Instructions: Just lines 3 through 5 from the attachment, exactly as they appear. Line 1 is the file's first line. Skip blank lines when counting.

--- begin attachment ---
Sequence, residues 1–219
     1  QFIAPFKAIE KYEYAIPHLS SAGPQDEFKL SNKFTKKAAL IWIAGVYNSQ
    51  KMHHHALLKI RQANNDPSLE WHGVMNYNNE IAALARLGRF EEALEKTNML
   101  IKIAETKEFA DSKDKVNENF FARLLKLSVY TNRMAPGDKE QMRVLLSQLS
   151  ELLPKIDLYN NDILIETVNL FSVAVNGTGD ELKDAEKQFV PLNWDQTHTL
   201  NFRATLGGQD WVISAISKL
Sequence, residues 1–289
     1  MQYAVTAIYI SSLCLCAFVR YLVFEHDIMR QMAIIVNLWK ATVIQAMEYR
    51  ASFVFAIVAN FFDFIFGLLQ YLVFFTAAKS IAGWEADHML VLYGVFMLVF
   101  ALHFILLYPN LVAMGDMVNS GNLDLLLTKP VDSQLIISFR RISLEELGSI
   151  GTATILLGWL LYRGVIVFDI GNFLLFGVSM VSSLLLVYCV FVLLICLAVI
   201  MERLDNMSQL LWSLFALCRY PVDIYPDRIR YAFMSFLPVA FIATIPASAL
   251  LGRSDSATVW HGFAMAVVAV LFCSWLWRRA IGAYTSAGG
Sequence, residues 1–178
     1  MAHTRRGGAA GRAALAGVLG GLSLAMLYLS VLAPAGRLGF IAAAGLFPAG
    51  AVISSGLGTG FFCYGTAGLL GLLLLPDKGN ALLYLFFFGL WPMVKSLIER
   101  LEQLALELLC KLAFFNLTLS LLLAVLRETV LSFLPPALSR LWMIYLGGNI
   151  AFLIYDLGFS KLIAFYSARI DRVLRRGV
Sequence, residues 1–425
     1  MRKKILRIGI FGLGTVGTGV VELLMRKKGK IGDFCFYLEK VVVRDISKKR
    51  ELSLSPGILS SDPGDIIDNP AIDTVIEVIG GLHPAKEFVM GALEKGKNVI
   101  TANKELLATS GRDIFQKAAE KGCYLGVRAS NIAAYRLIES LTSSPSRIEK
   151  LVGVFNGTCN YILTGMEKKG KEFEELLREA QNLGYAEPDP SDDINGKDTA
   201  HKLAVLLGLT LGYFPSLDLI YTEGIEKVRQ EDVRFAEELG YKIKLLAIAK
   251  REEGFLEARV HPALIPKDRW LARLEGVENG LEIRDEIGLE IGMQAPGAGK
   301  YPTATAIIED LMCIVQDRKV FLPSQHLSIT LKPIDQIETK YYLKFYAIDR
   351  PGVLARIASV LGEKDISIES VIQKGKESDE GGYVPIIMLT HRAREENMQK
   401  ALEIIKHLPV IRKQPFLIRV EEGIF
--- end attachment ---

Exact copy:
    51  KMHHHALLKI RQANNDPSLE WHGVMNYNNE IAALARLGRF EEALEKTNML
   101  IKIAETKEFA DSKDKVNENF FARLLKLSVY TNRMAPGDKE QMRVLLSQLS
   151  ELLPKIDLYN NDILIETVNL FSVAVNGTGD ELKDAEKQFV PLNWDQTHTL